Wednesday, December 8, 2010

DRBC hears from NY & NJ on impending fracking rules

Upper Delaware River 2

The Delaware River Basin Commission is preparing to propose (but not today)  rules governing the use of hydrofracturing (fracking) to extract natural gas from sections of the Marcellus Shale within in the Delaware River watershed in New York and Pennsylvania.

There was a belief in some circles that the DRBC would formally propose the rules today, but this is not the case, according to the commission’s Communications Manager, Clarke Rupert who advises:

“The proposed natural gas development regulations have not even been published as of now.  Following publishing of the draft regulations, there will be a written comment period and most likely three public hearings on the proposed rulemaking.  The written comments received during the comment period and oral testimony presented at the hearings will become part of the rulemaking record and be considered by the commissioners prior to any action on the proposed regulations.  Such action will be taken at duly noticed public meeting of the commission at a future date BUT NOT TODAY. “  

Leading to speculation that the commission would act at its meeting today in West Trenton, NJ, were letters sent earlier this week from officials in New York and New Jersey.

New York’s Governor David A. Paterson, in a letter sent on Monday, urged the DRBC
to suspend any rulemaking until New York has completed its own review of the drilling technique.

“DRBC appears intent on going forward with a regulatory program that would not have the advantage of the full investigations and public deliberations taking place in New York, “ Paterson wrote. “Your proposed program, covering only a very small portion of New York State, could well conflict with the technical and regulatory protocols ultimately adopted in New York, causing confusion, duplication, redundant regulatory fee assessments, differing regulations in different locations and possible mismanagement.

“It would make far more sense,” Paterson wrote, “for DRBC to participate in the New York process and assist in making the program as effective as possible, certainly before undertaking unilateral action.” 

In a December 7 letter, New Jersey’s Department of Environmental Protection Commissioner Bob Martin urged the DRBC “to enact and implement strict (fracking)standards to protect the river - which provides a quarter of New Jersey's drinking water”
until Pennsylvania and New York adopt their own regulations.

"New Jersey continues to oppose any drilling of fracking wells in the Delaware River Basin until appropriate regulations and standards are in place," Martin wrote to DRBC Executive Director Carol Collier. "Strong safeguards to protect public water supplies and ensure that the wastes generated are properly managed and treated must be established before drilling. We reiterate that without those safeguards, drilling in the Marcellus Shale is unacceptable to New Jersey.”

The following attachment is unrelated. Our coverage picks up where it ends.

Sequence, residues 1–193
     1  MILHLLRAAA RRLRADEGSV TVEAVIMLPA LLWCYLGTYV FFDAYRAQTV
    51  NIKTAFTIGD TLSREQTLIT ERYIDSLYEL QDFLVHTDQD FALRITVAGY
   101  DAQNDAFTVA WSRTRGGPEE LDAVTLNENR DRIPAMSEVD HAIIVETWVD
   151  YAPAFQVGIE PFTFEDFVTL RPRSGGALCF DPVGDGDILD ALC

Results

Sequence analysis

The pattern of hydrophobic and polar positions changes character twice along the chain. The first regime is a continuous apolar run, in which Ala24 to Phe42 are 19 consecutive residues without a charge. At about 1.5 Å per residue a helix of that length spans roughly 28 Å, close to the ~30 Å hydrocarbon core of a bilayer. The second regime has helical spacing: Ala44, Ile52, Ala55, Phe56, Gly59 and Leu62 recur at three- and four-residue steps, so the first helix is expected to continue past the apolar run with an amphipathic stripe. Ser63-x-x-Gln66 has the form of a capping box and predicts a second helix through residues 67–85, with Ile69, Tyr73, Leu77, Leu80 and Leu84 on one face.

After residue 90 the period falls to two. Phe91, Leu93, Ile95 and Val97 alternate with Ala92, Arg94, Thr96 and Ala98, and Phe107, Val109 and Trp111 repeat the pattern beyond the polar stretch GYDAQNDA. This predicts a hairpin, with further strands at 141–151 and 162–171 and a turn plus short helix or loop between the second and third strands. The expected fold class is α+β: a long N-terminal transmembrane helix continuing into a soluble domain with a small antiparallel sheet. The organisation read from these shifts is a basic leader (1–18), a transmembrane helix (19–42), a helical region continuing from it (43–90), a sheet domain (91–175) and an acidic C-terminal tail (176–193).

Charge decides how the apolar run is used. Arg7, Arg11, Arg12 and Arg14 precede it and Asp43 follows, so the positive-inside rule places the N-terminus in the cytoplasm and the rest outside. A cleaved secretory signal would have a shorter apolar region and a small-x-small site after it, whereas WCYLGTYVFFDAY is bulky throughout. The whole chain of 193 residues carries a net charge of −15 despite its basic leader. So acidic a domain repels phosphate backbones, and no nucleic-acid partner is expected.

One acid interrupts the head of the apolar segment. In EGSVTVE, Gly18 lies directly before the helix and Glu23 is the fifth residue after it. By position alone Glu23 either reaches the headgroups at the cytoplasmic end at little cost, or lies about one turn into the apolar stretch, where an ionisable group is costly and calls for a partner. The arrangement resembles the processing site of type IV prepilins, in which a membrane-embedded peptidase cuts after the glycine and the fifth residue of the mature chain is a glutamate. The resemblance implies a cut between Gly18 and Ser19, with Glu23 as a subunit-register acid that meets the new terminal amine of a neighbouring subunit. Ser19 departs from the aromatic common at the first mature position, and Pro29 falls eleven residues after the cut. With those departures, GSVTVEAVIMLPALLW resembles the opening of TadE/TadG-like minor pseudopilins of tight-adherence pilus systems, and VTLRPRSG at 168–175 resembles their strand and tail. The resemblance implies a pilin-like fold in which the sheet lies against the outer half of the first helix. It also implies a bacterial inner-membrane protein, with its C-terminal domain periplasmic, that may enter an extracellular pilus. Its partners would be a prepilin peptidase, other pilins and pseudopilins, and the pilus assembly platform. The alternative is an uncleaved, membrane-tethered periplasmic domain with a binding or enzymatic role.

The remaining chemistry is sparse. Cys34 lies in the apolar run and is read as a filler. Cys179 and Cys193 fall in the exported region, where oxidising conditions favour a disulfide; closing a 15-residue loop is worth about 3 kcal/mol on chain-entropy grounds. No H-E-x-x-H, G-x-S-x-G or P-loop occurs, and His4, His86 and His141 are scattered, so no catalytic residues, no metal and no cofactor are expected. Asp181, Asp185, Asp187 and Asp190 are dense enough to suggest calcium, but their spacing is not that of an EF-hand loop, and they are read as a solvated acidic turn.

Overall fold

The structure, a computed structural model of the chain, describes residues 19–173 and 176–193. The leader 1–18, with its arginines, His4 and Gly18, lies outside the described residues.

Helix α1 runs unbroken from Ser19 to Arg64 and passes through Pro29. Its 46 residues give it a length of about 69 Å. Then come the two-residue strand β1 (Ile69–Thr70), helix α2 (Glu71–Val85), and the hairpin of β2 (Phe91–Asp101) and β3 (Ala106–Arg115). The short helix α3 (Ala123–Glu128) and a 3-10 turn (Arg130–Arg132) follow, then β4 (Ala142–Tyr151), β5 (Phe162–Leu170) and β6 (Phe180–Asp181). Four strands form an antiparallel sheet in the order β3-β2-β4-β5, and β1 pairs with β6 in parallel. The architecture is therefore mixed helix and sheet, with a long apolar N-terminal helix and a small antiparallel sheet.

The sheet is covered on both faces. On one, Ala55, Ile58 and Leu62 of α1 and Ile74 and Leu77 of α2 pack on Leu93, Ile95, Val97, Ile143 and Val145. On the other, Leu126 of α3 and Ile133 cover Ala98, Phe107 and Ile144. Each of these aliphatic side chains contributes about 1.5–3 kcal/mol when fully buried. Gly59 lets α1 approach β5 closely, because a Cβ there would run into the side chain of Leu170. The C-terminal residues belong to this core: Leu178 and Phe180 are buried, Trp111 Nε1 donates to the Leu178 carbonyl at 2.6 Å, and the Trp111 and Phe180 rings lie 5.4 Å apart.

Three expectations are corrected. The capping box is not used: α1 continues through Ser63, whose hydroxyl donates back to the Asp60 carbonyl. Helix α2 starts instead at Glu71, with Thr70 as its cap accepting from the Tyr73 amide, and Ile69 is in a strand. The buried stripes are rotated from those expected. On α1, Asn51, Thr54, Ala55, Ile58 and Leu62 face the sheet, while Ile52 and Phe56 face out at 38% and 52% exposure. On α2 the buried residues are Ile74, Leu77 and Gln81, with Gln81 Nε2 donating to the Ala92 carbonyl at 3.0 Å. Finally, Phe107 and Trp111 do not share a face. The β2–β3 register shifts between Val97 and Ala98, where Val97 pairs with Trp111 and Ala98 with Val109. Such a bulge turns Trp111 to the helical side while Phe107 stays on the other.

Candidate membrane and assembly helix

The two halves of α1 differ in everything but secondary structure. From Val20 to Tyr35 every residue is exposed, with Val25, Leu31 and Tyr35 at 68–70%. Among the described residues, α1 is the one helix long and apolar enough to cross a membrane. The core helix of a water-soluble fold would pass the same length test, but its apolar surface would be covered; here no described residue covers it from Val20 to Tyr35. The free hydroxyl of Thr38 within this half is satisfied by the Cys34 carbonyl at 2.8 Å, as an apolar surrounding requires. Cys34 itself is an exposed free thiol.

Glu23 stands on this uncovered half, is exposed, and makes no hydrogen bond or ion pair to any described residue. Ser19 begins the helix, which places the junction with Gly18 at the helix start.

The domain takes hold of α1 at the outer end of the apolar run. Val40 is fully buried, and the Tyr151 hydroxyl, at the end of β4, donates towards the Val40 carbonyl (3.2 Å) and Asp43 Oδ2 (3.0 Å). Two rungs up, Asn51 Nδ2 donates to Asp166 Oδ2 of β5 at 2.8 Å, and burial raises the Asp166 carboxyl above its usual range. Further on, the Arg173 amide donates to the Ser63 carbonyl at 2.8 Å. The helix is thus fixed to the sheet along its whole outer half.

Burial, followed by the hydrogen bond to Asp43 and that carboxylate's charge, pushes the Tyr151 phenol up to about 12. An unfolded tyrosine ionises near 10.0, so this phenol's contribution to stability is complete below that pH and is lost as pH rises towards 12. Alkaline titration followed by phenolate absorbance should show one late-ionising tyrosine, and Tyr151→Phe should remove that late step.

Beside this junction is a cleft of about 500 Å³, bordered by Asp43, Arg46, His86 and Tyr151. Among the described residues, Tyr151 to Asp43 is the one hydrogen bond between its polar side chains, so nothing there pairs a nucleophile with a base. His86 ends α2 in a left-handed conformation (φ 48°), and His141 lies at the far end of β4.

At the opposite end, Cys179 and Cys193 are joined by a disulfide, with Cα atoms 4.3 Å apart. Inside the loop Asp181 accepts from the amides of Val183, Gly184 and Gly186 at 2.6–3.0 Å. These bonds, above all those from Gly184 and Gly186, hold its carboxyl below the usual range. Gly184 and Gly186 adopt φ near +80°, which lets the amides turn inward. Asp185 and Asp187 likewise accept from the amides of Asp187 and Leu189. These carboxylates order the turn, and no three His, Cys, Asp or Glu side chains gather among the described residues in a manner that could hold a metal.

While no drilling would occur in New Jersey, Martin expressed concern that expansion of drilling in New York and Pennsylvania could have significant impacts on the Delaware River. As many as 10,000 wells could be drilled in portions of the basin in those states, requiring large withdrawals of water from the Delaware and possibly risking contamination of its tributaries.

The DRBC is a multi-state commission that has regulatory jurisdiction over the Delaware River watershed. Its earlier imposed freeze on natural gas drilling permits has kept wells from being drilled in Pennsylvania’s northeast. Most drilling activity has been taking place in the southwest corner of the state. 

The environmental coalition, Protecting Our Waters, urged its members to write to the DRBC and to Pennsylvania Governor Ed Rendell asking that the current permit freeze be extended.

”We are insisting not only on a cumulative impact study first, but on a full democratic process, fully informed by adequate science, which would require declaring the Delaware River watershed off-limits for fracking for three to five years,” the group said yesterday on its website.

See our Enviro-Events Calendar for a copy of the DRBC’s agenda for today’s meeting.

What’s your take on the issue?  Should the DRBC delay adoption of its fracking rules until
New York and Pennsylvania have their own rules in place?  Should all new fracking be stopped until the EPA concludes its review of the drilling technique and imposes a national standard?  Or is the extraction of natural gas too important to be delayed? Can we count
on the natural gas industry to regulate itself and protect the environment? Let us know in the comment box below.  If you don’t see one, click on the tiny ‘comments’ line.

Like this post? You'll love our daily newsletter, EnviroPolitics
Try it free for 30 days!
No obligation. Cancel anytime with a single click

Subscribe here to view all our YouTube videos

Repost this article